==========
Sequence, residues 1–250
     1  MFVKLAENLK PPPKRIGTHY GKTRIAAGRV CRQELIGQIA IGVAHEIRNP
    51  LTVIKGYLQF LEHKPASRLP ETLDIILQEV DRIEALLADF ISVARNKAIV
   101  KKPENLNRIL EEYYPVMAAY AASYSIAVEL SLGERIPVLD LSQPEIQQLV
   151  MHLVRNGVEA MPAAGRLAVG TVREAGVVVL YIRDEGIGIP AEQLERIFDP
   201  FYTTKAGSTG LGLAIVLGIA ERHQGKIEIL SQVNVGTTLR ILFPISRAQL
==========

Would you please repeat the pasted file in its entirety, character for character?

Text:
Sequence, residues 1–250
     1  MFVKLAENLK PPPKRIGTHY GKTRIAAGRV CRQELIGQIA IGVAHEIRNP
    51  LTVIKGYLQF LEHKPASRLP ETLDIILQEV DRIEALLADF ISVARNKAIV
   101  KKPENLNRIL EEYYPVMAAY AASYSIAVEL SLGERIPVLD LSQPEIQQLV
   151  MHLVRNGVEA MPAAGRLAVG TVREAGVVVL YIRDEGIGIP AEQLERIFDP
   201  FYTTKAGSTG LGLAIVLGIA ERHQGKIEIL SQVNVGTTLR ILFPISRAQL